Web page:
“The cities are spending a lot of time and energy to stay nice and clean,” said Eddie Zadourian, the operations manger for the SunTek’s West Coast distribution center in Glendale, Calif. “They’re also spending the money to help the storeowners keep their city clean. In Glendale, if someone puts graffiti on a wall, the city will clean it up.”

The cities also realized that film could help in their anti-graffiti campaign.

“And a lot of cities have programs to pay some of the installation fees for the installation of film on their main boulevards,” Zadourian said. “Because of that, anti-graffiti film has been very strong lately, especially on storefronts and auto dealerships.”

Zadourian isn’t the only film seller to see this trend. 

“Dealers that specialize in anti-graffiti films have seen their sales [increase] over the past 10 to 12 months,” said Donna Wells, Madico’s Western regional sales manager. 

In California, so many people have gotten into anti-graffiti film, that Zoilo Centeno, owner of Wintech Professional Window Tinting, a film dealer in Costa Mesa, Calif., considers it too much of a commodity item for him to sell. But he has done a lot of work in the anti-intrusion area for business who are sick of break ins.

“We’re the consultant helping to set up the proper system for businesses to use on their window system to keep someone out,” he said. “It’s not even that they have to replace the computers. They’re upset by all of the data they lose.

We’re putting in the anchoring system so that we do windows and have some kind of mechanical system around the framing.”

While anti-graffiti film is strong in California and Tucker said she even fields calls for the Seattle suburbs, the security market as a whole is much more mixed.

“There’s not as much interest in security film from the West Coast as compared to the East Coast,” Wells said. “The East Coast has more terror alerts.”

Still there are military installations on the West Coast. Tucker, in fact, has three bases— Puget Sound Naval Shipyard, Bangor Submarine Base, and Naval Undersea Warfare Center in Keyport—nearby.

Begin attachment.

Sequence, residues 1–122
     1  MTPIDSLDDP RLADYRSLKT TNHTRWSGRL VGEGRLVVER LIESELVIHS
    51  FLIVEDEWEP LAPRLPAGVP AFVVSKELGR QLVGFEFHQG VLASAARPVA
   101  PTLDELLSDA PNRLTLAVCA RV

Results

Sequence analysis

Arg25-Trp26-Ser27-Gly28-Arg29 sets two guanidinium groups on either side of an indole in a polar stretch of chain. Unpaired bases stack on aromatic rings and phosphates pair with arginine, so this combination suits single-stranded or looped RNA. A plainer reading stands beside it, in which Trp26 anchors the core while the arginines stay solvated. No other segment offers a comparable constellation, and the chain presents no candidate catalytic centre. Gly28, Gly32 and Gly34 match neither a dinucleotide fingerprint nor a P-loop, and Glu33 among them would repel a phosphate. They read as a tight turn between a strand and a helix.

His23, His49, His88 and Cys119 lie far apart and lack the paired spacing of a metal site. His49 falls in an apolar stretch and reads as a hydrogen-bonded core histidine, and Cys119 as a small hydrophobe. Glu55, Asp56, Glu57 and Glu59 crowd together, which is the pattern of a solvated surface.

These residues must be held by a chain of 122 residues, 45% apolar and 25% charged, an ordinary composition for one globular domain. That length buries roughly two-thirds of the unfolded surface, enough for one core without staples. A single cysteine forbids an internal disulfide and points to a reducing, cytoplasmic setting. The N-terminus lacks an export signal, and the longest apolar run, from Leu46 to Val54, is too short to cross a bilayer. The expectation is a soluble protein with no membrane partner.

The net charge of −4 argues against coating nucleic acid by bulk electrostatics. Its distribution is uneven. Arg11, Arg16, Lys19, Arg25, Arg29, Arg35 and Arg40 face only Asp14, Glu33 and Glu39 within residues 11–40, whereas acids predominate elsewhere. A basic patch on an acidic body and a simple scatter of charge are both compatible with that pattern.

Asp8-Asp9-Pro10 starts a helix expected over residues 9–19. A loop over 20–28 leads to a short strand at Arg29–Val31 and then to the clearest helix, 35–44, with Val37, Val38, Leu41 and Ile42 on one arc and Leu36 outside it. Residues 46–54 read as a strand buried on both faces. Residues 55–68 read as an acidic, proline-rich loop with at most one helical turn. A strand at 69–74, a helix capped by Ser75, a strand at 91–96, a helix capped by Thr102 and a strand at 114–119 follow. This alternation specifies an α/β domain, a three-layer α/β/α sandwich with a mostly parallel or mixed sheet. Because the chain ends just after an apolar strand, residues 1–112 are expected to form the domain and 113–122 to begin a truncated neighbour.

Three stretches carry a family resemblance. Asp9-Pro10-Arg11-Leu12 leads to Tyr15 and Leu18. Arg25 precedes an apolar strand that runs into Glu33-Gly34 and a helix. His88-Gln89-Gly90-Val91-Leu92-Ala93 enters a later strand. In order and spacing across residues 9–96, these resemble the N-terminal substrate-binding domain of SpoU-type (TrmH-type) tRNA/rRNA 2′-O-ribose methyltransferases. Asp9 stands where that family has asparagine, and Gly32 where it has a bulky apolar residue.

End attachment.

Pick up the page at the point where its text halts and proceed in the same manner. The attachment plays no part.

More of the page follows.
“We have three federal military installations within 10 miles,” Tucker said. “We have done work for government contractors and more of that stuff is coming as I continue to build my reputation in this business.”

With the possibility of earthquakes on the West Coast, Tucker also sees potential for security film.

“In our neck of the woods, we have to worry about earthquakes,” Tucker said. “These could be big earthquakes with shattered glass and glass falling into the streets. I think this is an untapped market and that’s part of the reason why I decided to get into the business.”

But Wells thinks hurricanes on the East Coast provide a bigger market for dealers.

“On the East Coast you’ve had hurricanes hit regularly,” Wells said. “With earthquakes they shake for a little while and it’s over. Hurricanes have more warning. You see the damage and live with it. That’s one of the reasons window film is more popular in hurricane areas.”

Despite limited potential currently for security film, Wells still sees opportunity for flat glass films on the West Coast.
“I have definitely seen an increase in flat glass films versus auto glass film,” Wells said. “More and more consumers are interested in saving energy and protecting the interiors in their houses and office buildings.”

And, as people like Iverson, Templer, Tucker and Ornelas continue to educate their customers, this need could grow even greater. 

West Coast Web
Stacey Tucker, owner of Sun Select Window Tinting in Bremerton, Wash., has a theory: When customers don’t know much about window film, they don’t want to make a phone call and get the hard sell. Instead, they want to research and learn on their own. 

“They enjoy being able to research information on the web and get a little bit of background,” Tucker said.

“That way when they contact somebody, they don’t have to be held hostage to the hard sell. I see that as a real concern for the consumer. The website is a way they can connect with my company without me ever knowing. If they like and are comfortable with what I’ve said, they call me.”

In many cases, Tucker does get calls.

“I get an awful lot of traffic from my website,” Tucker said. “That’s been a great tool for me. I think it’s become more popular.”

Tucker isn’t the only film dealer located on the technology savvy West Coast to have good luck with a website. Rocky Burcham, owner of Solar Control Glass Tinting in San Ramon, Calif., has a site that allows people to put in the sizes of their windows and get an estimated price range. It also allows people to go over colors of films to see it how it lightens or darkens the window. The popularity of this site has influenced Burcham’s ad budget.

“The website has been really popular,” Burcham said. “Every year we’ve been downsizing our yellow page ads. People aren’t looking there anymore. They’re looking on the ’net. They like doing the searches on the net. The Internet has definitely helped us.”

Les Shaver is a contributing editor to Window Film magazine.

©2006 Key Communications Inc. 385 Garrisonville Road, Suite 116, Stafford, VA  22554
Phone: 540/720-5584, Fax: 540/720-5687 e-mail: film@glass.com